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7th EFSMA – European Congress of Sports Medicine, 3rd Central European Congress of Physical Medicine and Rehabilitation, Annual Assembly of the German and the Austrian Society of Physical Medicine and Rehabilitation

Austrian Society of Physical Medicine and Rehabilitation

26.-29.10.2011, Salzburg, Austria

Consumption and biochemical impact of some commercially available plant-derived nutritional supplements on athletes: a pilot study

Meeting Abstract

  • Federica Fagnani - University of Rome "Foro Italico", Rome, Italy
  • Paolo Borrione - University of Rome "Foro Italico", Rome, Italy
  • Marta Rizzo - University of Rome "Foro Italico", Rome, Italy
  • Emanuela Cimminelli - University of Rome "Foro Italico", Rome, Italy
  • Federico Quaranta - University of Rome "Foro Italico", Rome, Italy
  • Fabio Pigozzi - University of Rome "Foro Italico", Rome, Italy

7th EFSMA – European Congress of Sports Medicine, 3rd Central European Congress of Physical Medicine and Rehabilitation. Salzburg, 26.-29.10.2011. Düsseldorf: German Medical Science GMS Publishing House; 2011. Doc11esm217

DOI: 10.3205/11esm217, URN: urn:nbn:de:0183-11esm2177

Published: October 24, 2011

© 2011 Fagnani et al.
This is an Open Access article distributed under the terms of the Creative Commons Attribution License (http://creativecommons.org/licenses/by-nc-nd/3.0/deed.en). You are free: to Share – to copy, distribute and transmit the work, provided the original author and source are credited.


Outline

Text

Over the last decade the so called “nutritional” or “dietary supplements” have gained a great popularity among all-level athletes. Beside the “traditional” supplements, a growing consumption of natural (plant-derived) products has been registered over the last years with particular regard for plant-derived hormones (ecdysteroids, phytoestrogens and vegetal sterols) and other substances with referred hormone modulating properties such as tribulus terrestris. The present study was carried out to evaluate the consumption as well as the biochemical effects of these supplements on the health profile of the users. A group 26 recreational athletes who declared to habitually use plant-derived nutritional supplements was enrolled. 30 healthy active comparable volunteers, who denied the use of any nutritional supplements, were enrolled as controls. Circulating hormones and circulating markers of organ toxicity/damage were measured on blood samples. The laboratory tests revealed the absence of any signs of organ damage in all the tested subjects in both groups. On the other hand, the evaluation of the plasma hormone profile revealed marked alterations of sexual hormones in 15 (65%) out of the 26 of investigated users, isolated or combined, while no alterations were found in the control group. Specifically, ten male subjects presented increased plasmatic levels of progesterone (0,8 ± 0,5 ng/ml with a maximum value of 2,1 ng/ml). Fifteen subjects presented with abnormal estrogen levels (363 ± 508,7 pg/ml), including 5 subjects (2 female and 3 males) showing “dramatically” increased values (max value in men 1535 pg/ml; max value in women 1235 pg/ml). Finally, two male subjects with increased estrogen levels presented also significantly increased testosterone levels (1650 ng/dl), associated with a complete inhibition of LH and FSH.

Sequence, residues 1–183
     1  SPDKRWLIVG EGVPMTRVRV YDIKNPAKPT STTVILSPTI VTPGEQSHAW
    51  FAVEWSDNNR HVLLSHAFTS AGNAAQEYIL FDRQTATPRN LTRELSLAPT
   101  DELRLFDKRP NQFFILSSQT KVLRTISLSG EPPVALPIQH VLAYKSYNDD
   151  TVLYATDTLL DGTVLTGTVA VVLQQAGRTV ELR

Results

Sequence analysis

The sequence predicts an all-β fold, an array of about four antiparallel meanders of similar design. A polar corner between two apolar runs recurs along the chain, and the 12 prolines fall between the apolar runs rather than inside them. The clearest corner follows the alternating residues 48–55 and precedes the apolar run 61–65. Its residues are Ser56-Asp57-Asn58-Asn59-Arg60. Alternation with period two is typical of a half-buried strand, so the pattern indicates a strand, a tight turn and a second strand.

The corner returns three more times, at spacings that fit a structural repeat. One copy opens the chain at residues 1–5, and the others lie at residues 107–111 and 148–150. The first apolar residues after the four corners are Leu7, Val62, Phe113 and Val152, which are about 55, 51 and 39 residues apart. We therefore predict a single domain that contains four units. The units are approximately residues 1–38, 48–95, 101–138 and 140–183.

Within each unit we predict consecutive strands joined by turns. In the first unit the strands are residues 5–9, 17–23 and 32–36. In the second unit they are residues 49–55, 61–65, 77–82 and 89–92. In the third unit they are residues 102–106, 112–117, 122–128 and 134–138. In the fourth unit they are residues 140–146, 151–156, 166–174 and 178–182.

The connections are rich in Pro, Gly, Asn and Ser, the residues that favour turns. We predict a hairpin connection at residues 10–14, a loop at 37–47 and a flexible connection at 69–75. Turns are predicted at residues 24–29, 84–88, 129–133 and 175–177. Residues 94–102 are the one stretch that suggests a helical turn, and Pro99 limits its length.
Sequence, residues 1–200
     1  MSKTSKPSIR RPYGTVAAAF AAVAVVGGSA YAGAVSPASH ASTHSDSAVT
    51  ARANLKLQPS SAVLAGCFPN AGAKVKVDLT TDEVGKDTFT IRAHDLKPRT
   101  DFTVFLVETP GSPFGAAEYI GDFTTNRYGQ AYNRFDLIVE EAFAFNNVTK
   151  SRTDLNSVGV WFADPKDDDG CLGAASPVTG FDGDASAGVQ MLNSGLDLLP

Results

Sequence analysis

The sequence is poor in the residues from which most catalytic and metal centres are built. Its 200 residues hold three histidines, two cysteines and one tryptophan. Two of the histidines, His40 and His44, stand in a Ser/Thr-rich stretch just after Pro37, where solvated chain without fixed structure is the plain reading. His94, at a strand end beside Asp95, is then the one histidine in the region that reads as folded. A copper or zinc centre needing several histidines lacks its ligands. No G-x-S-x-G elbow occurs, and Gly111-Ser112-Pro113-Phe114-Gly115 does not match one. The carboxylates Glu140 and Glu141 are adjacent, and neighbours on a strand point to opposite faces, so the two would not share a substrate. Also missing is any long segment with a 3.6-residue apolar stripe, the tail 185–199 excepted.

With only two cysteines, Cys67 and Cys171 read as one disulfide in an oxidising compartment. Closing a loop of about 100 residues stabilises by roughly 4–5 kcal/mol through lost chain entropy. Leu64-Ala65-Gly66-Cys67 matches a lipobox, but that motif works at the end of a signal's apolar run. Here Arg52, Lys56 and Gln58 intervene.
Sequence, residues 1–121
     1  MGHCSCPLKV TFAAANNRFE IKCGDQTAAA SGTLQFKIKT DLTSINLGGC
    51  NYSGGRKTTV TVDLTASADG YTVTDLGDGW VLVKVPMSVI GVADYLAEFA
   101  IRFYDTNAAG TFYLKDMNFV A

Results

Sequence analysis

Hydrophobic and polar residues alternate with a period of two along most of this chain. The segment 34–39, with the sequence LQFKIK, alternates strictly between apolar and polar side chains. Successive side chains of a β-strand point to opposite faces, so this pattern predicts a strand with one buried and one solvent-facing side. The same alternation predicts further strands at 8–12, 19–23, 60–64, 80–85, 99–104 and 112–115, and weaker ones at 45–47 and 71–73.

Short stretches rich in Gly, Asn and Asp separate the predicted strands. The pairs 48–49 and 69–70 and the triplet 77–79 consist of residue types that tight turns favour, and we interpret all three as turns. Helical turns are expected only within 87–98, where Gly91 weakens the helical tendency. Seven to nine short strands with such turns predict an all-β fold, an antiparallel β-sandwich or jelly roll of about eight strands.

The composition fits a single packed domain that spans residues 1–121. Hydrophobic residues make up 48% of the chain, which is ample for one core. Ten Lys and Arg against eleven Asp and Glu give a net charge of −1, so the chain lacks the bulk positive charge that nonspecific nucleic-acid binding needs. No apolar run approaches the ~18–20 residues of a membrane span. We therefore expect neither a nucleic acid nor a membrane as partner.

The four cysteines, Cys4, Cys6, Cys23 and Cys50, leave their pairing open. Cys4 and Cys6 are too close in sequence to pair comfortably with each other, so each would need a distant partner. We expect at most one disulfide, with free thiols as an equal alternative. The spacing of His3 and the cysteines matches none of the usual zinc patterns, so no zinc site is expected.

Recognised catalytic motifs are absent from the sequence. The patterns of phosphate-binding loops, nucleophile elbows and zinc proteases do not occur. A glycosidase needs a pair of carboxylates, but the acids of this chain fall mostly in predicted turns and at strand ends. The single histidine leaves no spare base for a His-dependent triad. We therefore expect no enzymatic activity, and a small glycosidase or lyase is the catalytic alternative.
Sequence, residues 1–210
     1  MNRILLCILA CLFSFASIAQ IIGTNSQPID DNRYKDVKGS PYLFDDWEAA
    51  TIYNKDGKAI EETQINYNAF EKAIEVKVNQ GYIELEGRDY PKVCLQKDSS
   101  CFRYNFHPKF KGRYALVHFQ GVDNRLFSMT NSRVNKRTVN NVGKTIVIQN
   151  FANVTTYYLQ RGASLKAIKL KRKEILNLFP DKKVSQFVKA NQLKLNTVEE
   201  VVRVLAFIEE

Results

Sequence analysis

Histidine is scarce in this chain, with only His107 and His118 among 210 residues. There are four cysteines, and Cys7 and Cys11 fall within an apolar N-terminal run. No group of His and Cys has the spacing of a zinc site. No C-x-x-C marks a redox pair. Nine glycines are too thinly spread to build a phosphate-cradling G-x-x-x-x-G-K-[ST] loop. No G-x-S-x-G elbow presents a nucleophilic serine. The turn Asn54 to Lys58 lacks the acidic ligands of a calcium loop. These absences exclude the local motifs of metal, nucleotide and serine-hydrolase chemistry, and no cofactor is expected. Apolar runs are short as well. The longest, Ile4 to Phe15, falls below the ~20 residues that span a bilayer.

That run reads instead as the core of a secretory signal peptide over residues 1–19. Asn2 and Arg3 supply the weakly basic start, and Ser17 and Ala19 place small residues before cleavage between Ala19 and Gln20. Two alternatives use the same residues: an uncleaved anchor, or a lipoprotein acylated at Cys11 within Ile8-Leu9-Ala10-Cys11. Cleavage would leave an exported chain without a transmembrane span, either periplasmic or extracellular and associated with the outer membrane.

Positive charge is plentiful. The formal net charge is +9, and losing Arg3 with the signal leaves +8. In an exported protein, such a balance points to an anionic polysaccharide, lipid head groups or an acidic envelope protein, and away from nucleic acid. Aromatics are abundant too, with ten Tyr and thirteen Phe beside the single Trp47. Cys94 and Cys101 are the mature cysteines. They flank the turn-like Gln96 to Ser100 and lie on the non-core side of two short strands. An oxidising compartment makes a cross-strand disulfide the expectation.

All subjects presenting abnormal sexual hormone levels declared of regularly consuming multiple dietary supplements, including “traditional” and “natural” compounds. In particular, those with abnormal estrogen levels shared the consumption of high dosage of soy protein (2 gr/Kg/die). Subjects with abnormal estrogen levels associated with increased progesterone also consumed products containing ecdysteroids. Finally, those with increased testosterone levels consumed both high dosage of soy protein and products containing and ecdysteroids and tribulus terrestris. The gas-cromatography analysis excluded the contamination of this products (randomly chosen) by steroid hormones. The results of the study suggest that “natural” does not necessarily means harmless and safe and suggest that the use of nutritional supplements by healthy subjects would be envisaged because of the potential long-term adverse effects.